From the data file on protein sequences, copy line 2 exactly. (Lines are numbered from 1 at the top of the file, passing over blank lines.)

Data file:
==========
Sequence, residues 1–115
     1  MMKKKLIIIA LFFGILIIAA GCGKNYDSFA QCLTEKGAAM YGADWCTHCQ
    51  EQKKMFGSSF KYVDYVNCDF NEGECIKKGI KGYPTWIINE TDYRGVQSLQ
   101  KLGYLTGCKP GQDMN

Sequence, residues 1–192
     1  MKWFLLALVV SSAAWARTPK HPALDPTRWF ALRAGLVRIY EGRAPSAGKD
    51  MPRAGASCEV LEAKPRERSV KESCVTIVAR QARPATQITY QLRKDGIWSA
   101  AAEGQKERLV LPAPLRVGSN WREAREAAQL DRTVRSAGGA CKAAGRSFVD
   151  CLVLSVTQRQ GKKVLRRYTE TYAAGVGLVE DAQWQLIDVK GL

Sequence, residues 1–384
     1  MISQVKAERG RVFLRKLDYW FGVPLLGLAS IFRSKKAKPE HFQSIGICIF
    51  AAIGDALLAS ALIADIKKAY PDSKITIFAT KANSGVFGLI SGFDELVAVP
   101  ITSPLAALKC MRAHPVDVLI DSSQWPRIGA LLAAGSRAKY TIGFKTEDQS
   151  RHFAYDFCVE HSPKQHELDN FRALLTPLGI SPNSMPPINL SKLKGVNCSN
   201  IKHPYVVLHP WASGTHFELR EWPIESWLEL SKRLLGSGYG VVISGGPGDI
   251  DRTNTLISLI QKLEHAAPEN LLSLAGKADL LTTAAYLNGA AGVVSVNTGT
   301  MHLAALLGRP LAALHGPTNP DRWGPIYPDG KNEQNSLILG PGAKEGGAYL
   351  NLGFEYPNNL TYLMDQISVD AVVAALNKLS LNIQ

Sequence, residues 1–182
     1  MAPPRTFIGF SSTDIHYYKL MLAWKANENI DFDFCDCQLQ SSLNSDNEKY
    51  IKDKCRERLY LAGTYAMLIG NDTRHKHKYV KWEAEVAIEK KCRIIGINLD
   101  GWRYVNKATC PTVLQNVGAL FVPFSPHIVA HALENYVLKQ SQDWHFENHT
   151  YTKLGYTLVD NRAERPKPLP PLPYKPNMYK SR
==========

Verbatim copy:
     1  MMKKKLIIIA LFFGILIIAA GCGKNYDSFA QCLTEKGAAM YGADWCTHCQ